Sunday, January 09, 2011

I have blogged about my son Nathan for over 2 years, and have loved the company I find myself in. I have enjoyed reading posts about kids older and younger than my son. I have quite frankly fallen in love with 2 little guys who are the exact same age as Nathan. (JM and Matthew) and I have specifically enjoyed reading stories of women who have blogged while carrying a child with Ds (a-hem....Adrienne :)It is interesting to read how the stories change, including my own...and how similar a path we all travel. These days, I am reading a lot about how we are interlocking arms across the globe and doing some truly amazing fund raising, awareness posts, and word-spreading through facebook and others venues. We are encouraging the general public to embrace inclusion, fairness and support children with Ds. I am certain that the NDSS, NDSC, the Buddy Walk and other organizations have seen an positive impact due to all of our efforts. After all, we make up a group of mostly women bloggers, and science shows that women speak up to 20 thousand words a day (3x more than guys). Research also proves that by simply speaking, it causes emission of hormones in a woman's brain, similar to a drug-induced high.
Ha Ha! No wonder! (I don't know if that includes blogging but I'm going with yes.)
With proof like that and passion like I know many of you have, I feel so strongly that this generation of kids with Ds will see incredible changes in care, inclusion and opportunity.
For as great and wonderful as it is to be a part of a huge number and to follow those who implore us to give and who raise thousands for important causes, don't forget that your local organizations need your support and advocacy, too.
I confess that for awhile, reading post after post about the huge efforts many of you have done, I have felt inadequate. I have thought, "what the heck am I doing for my kid?" I don't have hundreds of followers, I don't even facebook. I basically post cute pictures of my son and tell everyone how much I dig him.
:)
I have felt like I have let Nathan down by not coming up with something clever that goes viral.
Don't get me wrong...I am so stinking impressed with all that has been accomplished! But my heart is a little closer to home. And I love ASPIRO, which is a local organization that assists and supports the disabled in my community.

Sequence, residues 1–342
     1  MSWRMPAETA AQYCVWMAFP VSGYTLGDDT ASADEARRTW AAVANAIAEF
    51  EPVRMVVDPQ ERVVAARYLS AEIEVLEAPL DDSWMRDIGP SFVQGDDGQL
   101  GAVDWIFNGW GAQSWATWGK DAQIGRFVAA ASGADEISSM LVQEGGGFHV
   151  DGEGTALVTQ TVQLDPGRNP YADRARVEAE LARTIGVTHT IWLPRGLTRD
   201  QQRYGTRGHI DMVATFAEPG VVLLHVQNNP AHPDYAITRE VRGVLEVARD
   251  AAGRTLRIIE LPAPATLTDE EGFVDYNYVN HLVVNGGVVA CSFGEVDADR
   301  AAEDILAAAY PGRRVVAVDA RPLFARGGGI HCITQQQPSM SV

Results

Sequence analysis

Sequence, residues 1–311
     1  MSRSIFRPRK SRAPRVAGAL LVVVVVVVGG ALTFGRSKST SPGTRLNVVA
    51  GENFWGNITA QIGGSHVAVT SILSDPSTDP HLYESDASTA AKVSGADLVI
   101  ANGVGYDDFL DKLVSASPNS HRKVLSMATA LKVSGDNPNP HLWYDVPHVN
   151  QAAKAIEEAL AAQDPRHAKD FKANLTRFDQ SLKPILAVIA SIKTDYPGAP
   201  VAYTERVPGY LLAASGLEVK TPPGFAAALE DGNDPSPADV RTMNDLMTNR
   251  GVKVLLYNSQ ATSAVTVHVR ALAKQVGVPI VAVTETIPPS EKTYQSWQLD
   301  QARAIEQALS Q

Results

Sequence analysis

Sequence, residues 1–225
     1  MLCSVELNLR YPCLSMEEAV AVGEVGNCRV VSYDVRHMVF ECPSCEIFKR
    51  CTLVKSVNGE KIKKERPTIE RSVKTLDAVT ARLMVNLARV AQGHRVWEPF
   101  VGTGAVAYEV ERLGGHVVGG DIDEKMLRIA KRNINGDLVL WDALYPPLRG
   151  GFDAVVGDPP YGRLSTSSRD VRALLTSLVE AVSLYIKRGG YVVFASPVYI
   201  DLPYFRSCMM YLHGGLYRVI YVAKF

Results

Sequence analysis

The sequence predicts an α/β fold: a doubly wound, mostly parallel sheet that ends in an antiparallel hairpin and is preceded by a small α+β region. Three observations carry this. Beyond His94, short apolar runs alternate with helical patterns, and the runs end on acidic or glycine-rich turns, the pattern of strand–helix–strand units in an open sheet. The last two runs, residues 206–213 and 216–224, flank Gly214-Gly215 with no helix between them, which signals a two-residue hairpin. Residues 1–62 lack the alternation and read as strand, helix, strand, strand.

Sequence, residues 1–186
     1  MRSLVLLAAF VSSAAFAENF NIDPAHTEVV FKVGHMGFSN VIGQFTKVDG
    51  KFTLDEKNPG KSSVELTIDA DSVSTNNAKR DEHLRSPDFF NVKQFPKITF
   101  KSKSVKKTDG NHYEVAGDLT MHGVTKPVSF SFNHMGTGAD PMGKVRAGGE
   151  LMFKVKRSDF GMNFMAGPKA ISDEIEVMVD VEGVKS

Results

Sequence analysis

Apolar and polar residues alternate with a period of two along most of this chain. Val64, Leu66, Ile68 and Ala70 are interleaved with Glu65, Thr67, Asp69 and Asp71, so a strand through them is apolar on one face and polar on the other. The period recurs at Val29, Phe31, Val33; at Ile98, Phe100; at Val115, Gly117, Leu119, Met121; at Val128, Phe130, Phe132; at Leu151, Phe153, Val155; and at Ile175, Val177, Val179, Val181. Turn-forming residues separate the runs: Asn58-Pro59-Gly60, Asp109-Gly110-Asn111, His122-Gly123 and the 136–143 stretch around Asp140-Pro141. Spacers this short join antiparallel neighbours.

The main office is just down the road from where I live.
I wanted to give back somehow because I am indebted to them for the excellent care they have given my son for the first 3 years of his life. Their devotion to him and his well-being have inspired me.
So I called them up one day and asked if I could help somehow.
I was directed to Sheri and Linda who were in charge of an annual fundraising committee, which I joined.
ASPIRO offers adult day services, citizen advocacy, community employment, early intervention, respite care, residential services and so much more for over 1200 individuals with disabilities, right here in Green Bay.
Now I am beginning my 2nd year as a member of the board of directors at ASPIRO, and my 3rd year on the fundraising planning committee. I get to be in the company of some of the sharpest individuals I have ever known. I am honored to give back to them.
And Camp Daniel.....I will forever be involved in Camp Daniel!
This ministry serves people with disabilities in a most significant way; not only giving them a week at camp with a one-to -one ratio of camper to councelor, but Camp Daniel gives those with disabilities the gospel of Jesus Christ. The salvation message. The hope and assurance that God is sovereign and He loves them. Camp Daniel offers more than a week of camp. The staff and founders continue to strive for more information in their field, are incredibly creative, college-degree'd, sold out and motivated to bring awareness in ways I never would have dreamed for my own son. I would do dishes, serve meals, paint fingernails and toes or decorate the dining hall any day of the week for this gang. I love camp and I love the campers.
It may not be as glamorous as raising thousands of dollars for a national organization and being recognized in blogland worldwide....but my home town and its community of disabled citizens is just as significant, and so is yours.

4 comments:

  1. You are absolutely right Jill! And just by blogging about Nate you are bringing awareness so don't feel like you've let anyone down! I think being a member of this organization is awesome and I would love to do something like that! Maybe that will be my goal this year!

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  2. I am one of those lurkers who is a lazy commenter, but happens to think you ARE doing something glamorous just by blogging about your incredible son and what a joy he is. I don't want to downplay other's efforts or what the NDSS can do...but I think blogs like yours are making the world a better place for kids like ours just as much as an organization. I came here when Lily was first born and your words and faith and love for your son gave me hope for my future.
    If you had a "like" button at the top of your blog I would "like" you a billion times:)

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  3. Very heartening and lovely post Jill! But I was surprised that you feel like you're letting Nathan down - your work and involvement with Camp Daniel is amazing and your family should be very proud!

    On a COMPLETELY different note, I found out there is a switch on the bottom of Lulu's belly. It comes set so the cat doesn't roll over - just move the switch to on and the kitty will roll! Love ya!

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  4. Благодарю за информацию действительно увлекательно, однако меня также интересуют и новости голографии. Надо же развиваться в области голографии

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